Prevalence of Acute Compartment Syndrome of Limbs: A Retrospective Study

Authors

  • Suman Kumar Sen Classified Orthopaedic Surgeon, CMH, Sylhet, Bangladesh
  • Susmita Debnath Assistant Professor of Pharmacology, Sheikh Hasina Medical College, Habiganj, Bangladesh

DOI:

https://doi.org/10.3329/jafmc.v15i2.50835

Keywords:

Acute compartment syndrome, Fasciotomy, Orthopaedic emergency

Abstract

Introduction: Acute compartment syndrome (ACS) is a serious and well known complication of limb trauma. This condition is an orthopaedic emergency and is associated with significant morbidity if not diagnosed promptly and treated effectively.

Materials and Methods: This is a retrospective cross sectional study on the scope of compartment syndrome among patients with limbs traumas those were treated between April 2015 and November 2018 in a United Nations level-II Hospital at Kaga-Bandoro in Central African Republic leaded by Bangladesh Medical Contingent. The medical records as well as data from the orthopaedic registrars of patients with limb injuries were studied. Limb injuries considered for in-hospital treatments with or without other associated system injuries were included while patients with any form of arterial diseases or claudication were excluded.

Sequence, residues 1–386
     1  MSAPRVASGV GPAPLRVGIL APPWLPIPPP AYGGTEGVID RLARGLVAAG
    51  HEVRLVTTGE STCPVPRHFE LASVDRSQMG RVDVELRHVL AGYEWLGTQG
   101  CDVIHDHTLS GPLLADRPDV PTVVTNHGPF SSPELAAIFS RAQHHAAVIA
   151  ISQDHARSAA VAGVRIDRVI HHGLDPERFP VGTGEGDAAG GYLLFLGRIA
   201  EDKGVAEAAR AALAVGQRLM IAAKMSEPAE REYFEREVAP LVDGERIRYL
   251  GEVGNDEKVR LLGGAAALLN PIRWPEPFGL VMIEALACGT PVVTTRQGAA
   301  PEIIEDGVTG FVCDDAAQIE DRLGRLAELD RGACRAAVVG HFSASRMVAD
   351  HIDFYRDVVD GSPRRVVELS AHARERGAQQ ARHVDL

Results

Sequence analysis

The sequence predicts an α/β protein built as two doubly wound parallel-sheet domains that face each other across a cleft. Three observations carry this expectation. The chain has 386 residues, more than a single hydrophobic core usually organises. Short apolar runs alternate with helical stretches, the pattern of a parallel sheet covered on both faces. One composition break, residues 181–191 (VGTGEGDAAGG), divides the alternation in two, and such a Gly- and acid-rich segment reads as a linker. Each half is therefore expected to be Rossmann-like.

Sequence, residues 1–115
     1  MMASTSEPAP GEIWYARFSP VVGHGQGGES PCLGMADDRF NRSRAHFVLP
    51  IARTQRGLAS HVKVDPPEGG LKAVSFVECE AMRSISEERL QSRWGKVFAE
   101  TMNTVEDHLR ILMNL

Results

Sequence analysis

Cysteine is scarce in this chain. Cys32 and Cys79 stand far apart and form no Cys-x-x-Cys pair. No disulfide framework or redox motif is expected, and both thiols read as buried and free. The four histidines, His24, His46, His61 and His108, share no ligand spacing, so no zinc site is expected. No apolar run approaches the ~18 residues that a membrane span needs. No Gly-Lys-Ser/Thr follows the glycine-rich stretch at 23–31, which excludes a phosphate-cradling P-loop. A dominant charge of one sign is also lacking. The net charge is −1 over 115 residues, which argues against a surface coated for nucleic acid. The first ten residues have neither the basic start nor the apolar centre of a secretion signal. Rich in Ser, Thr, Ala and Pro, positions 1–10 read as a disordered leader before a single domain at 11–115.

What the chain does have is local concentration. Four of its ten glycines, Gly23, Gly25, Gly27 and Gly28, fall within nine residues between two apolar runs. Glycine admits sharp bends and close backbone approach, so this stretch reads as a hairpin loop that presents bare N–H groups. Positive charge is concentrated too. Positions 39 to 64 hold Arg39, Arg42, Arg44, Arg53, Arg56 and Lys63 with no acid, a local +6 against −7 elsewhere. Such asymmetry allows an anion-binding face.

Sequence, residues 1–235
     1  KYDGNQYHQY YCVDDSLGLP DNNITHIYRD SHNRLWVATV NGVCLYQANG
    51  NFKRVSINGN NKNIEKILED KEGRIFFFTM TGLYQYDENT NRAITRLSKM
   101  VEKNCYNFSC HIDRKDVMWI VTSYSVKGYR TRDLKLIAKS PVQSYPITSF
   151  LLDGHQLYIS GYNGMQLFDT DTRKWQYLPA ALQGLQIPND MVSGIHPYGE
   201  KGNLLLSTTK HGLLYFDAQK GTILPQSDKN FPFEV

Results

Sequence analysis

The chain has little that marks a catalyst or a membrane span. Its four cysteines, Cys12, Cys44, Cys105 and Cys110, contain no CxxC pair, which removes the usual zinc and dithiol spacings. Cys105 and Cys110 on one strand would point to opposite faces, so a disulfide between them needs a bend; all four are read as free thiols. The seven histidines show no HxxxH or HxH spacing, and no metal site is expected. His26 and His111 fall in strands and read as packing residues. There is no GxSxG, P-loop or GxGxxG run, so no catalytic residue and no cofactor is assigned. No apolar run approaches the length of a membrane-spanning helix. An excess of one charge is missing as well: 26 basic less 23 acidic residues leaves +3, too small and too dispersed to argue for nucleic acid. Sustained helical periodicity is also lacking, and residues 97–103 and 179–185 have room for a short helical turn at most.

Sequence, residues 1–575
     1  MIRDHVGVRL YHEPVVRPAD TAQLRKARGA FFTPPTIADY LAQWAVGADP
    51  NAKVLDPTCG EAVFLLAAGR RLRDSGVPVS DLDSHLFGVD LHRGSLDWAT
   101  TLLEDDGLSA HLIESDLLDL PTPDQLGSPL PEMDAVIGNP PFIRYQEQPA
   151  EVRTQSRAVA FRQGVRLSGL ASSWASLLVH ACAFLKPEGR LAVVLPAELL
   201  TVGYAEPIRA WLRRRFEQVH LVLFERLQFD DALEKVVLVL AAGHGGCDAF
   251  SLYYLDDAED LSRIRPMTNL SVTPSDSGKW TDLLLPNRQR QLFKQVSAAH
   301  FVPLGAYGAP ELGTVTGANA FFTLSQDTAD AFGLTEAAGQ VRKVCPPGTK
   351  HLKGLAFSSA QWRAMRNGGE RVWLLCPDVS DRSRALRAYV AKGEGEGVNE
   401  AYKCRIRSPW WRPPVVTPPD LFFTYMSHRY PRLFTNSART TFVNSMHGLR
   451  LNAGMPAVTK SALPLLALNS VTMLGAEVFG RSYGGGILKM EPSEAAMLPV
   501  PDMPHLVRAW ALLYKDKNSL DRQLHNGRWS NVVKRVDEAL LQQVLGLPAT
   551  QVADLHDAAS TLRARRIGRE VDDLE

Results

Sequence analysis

Results: A total of 320 patients met the inclusion criteria among them only 2.81% had ACS and male young adults were mostly affected. Commonest underlying pathology was tibia fracture 44.4%, followed by due to tight traditional bone setters’ splints 22.2% and 11.1% patients from burns eschar.

Conclusion: ACS of limb is not very common. Early clinical diagnosis in the absence of pressure monitoring equipment and emergency fasciotomies are recommended to salvage the limbs.

JAFMC Bangladesh. Vol 15, No 2 (December) 2019: 200-203

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Published

2020-12-20

How to Cite

Sen, S. K., & Debnath, S. (2020). Prevalence of Acute Compartment Syndrome of Limbs: A Retrospective Study. Journal of Armed Forces Medical College, Bangladesh, 15(2), 200–203. https://doi.org/10.3329/jafmc.v15i2.50835

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Section

Original Papers